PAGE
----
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Rep. Davis takes exception to Governor Riley's remarks

MONTGOMERY (AP) — U.S. Rep. Artur Davis took exception Wednesday to Gov. Bob Riley's remarks about Davis' use of an employee paid by Alabama's two-year college system.

"While the junior college system has become the subject of a partisan political turf war, it is surprising to me that your administration has sought to drag my office into the fray," the Birmingham Democrat wrote in a letter to the governor that Davis released to the media.

In response, Riley spokesman Jeff Emerson said, "We don't understand why Congressman Davis somehow believes the governor had anything to do with the revelation that his office employed someone who was paid by a community college. ... The governor does, however, disagree with Congressman Davis that the scandals in the two-year system are merely a partisan political turf war."

On Tuesday, Riley said Alabama's two-year colleges should not be paying the salaries of political appointees working for elected officials.

The Republican governor's comments came after news
reports about two-year colleges paying the salary of Gina Bailey McKell when she worked in Gov. Don Siegelman's office and then in Davis' office. McKell, the cousin of Siegelman's former executive secretary, was paid more than $72,000 annually for five years while working for Siegelman and Davis.

She also worked a few months for Riley in the governor's office in 2003 before going to Davis' office.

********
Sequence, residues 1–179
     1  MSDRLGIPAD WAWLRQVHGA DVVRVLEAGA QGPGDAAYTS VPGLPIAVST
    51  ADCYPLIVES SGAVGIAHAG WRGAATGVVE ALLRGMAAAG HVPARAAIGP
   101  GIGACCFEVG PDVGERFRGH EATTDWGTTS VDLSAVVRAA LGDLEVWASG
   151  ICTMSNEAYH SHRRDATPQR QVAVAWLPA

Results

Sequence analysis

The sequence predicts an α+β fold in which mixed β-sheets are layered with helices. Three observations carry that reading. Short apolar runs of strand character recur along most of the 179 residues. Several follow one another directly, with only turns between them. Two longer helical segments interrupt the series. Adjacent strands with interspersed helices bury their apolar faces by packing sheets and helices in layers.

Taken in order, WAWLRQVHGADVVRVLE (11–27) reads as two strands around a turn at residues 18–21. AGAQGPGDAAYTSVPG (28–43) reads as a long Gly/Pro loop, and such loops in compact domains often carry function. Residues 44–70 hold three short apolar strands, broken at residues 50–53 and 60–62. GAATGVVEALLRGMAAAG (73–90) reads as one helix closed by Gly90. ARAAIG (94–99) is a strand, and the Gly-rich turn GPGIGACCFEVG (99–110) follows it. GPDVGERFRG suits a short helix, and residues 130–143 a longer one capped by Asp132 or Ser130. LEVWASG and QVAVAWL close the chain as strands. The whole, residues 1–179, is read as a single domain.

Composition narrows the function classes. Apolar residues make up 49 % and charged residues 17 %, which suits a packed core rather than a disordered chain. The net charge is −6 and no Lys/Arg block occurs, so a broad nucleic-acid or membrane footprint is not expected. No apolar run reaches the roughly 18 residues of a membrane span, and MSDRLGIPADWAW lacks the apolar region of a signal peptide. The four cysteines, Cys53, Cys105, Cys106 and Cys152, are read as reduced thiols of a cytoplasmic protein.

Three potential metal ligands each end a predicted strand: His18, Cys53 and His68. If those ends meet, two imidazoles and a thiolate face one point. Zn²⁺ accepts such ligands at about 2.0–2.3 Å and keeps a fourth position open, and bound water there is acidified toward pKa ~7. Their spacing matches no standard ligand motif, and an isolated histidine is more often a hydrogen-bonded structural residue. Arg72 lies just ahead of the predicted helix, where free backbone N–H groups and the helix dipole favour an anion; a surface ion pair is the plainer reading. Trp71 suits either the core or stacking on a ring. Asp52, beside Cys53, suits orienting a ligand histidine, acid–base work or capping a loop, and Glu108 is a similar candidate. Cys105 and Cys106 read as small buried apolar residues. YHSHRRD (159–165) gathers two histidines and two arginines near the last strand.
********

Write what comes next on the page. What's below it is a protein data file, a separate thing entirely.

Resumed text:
Davis wrote that there was no cloud around the junior college system when McKell worked in his office and that congressional rules permit government agencies to loan staffers to work in congressional offices.

"Your opinion that, as a matter of public policy, junior colleges should not loan employees outside the system is wrong in at least the context of my office. I am also not appreciative of your suggestion that the 'credibility that the system needs' was impaired by McKell's role in my office," Davis wrote.

Riley said Tuesday he didn't know until recently how McKell was paid when she worked in his office.

Riley said he doesn't oppose short-term appointments of state workers to other agencies. His office has engaged in that practice, including using an Auburn University lobbyist to help Riley's staff lobby during a legislative session last year and a two-year college employee to help develop new budgeting procedures.

Copyright 2005 Associated Press. All rights reserved. This material may not be published, broadcast, rewritten or redistributed.

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